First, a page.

Agriculture and Agri-Food Canada

Agriculture and Agri-Food Canada

November 08, 2006 17:22 ET

AAFC: What is the CWB's Real Premium to Farmers?

By the Honourable Chuck Strahl, Minister of Agriculture and Agri-Food and Minister for the Canadian Wheat Board

OTTAWA, ONTARIO--(CCNMatthews - Nov. 8, 2006) - Canada's New Government campaigned on the promise of giving Western wheat and barley producers a choice in how to market their products, including, but not limited to the Canadian Wheat Board (CWB).

Some claim that the CWB provides an annual premium of between $500 million and $800 million to producers. Those who make this claim then conclude that the CWB's monopoly is worth that much on an annual basis. This is a grievous exaggeration being promulgated by the groups who wish to deny farmers the right to choose how to market their grain.

Those who cite such a benefit to producers from the CWB are including things not related to the monopoly, such as the interest benefits of the federal government's guarantee of CWB borrowings, the impacts of railway regulation, and even the decisions of private companies to pursue or withdraw applications to license particular varieties of grain.

These claims also often ignore the costs of the monopoly to producers, in particular, excess domestic handling charges and farm production inefficiency stemming from inaccurate marketing signals.

Studies claiming price premiums for wheat and barley sales in the range of $300 to $400 million can be countered by other valid academic analyses, such as The Economics of Single Desk Selling of Western Canadian Grain by Colin Carter and Al Loyns, Benefits and Costs of a Voluntary Wheat Board for the Province of Alberta by the George Morris Centre, and The Canadian Barley Industry in Transition: A Study for Alberta Agriculture, Food and Rural Development by the Sparks Companies, that show that price premiums are negligible and costs significant.

The CWB has provided some benefits to wheat and barley producers, particularly its strong reputation and its contacts and experience with buyers. But change is necessary and change is coming. Many of the benefits of the current CWB can also be supplied by a voluntary CWB in a competitive market.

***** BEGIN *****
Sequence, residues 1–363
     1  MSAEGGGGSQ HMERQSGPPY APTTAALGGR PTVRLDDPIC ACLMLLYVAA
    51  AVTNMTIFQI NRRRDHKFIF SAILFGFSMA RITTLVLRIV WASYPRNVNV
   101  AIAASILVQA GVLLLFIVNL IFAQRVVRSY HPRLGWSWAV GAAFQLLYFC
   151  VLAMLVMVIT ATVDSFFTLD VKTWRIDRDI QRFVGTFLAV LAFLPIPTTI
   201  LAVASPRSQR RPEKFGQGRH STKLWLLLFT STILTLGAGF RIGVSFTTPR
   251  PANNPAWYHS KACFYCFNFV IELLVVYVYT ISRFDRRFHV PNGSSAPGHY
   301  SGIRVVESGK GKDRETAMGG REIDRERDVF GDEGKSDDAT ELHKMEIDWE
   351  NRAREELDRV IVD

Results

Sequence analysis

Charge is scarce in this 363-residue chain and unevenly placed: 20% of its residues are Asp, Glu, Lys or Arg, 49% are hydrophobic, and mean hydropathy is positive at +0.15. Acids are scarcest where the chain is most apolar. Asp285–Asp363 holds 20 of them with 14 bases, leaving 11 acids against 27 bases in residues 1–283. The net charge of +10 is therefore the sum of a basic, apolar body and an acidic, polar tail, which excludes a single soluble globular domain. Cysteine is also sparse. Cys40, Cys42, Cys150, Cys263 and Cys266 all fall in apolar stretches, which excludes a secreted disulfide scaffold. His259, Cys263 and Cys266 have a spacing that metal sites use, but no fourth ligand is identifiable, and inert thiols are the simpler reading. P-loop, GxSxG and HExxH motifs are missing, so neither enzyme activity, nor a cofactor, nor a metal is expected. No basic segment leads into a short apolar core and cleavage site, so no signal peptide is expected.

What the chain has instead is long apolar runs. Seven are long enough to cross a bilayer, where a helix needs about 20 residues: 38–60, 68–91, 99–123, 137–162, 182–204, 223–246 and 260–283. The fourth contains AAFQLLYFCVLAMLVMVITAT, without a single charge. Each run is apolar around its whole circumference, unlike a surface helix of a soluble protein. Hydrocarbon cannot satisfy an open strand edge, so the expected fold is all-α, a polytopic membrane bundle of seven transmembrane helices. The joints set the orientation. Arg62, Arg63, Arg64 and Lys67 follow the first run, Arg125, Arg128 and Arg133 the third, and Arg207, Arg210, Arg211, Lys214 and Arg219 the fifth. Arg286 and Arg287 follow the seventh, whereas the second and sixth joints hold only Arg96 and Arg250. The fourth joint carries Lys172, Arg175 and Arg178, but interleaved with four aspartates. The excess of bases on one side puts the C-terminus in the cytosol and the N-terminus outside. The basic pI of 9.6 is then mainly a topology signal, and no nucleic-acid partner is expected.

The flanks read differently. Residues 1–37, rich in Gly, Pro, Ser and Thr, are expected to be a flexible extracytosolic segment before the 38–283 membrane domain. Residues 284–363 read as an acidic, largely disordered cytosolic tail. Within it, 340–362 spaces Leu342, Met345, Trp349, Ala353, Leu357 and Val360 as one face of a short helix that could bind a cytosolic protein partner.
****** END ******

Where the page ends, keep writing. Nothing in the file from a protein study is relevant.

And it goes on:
Farmers want the ability to add value to their crops and capture more profits beyond the farm gate. They deserve to have the opportunity to seek out the best possible return for their own product - just as they would with canola or pulse crops or apples or cattle or any number of other farm products raised in Canada. For most of the past seven decades, Western Canadian wheat and barley growers have not had that choice.

The value-added side of agriculture, the agri-food side, is doing very well. It has seen huge increases. It is controlling the vast majority of the exports and domestic use in this country now. Currently, by law, Western Canadian wheat and barley growers are fenced off from that. They are prevented from choosing to market their product to a pasta plant, or a value-added organic grains business, or supplying wheat to ethanol plants in the U.S. Any combination of these or other marketing options may make sense for a particular producer in a particular place at a particular time. They should be the ones to decide what is the best option for them.

Western Canadian wheat and barley producers have a world-class product and should have the option to maximize their returns and earn their money directly from the marketplace if they choose to.

The grain industry is of vital importance to Canada's economy and it is a proud part of our national history. Canada's New Government intends to serve it well, and it intends to act in a way that provides the best chance to earn a living for those proud men and women who toil in the fields so that all Canadians can enjoy the fruits of their labours.

Canada's New Government is firmly committed to providing marketing choice to western grain farmers, while continuing to preserve a strong CWB.

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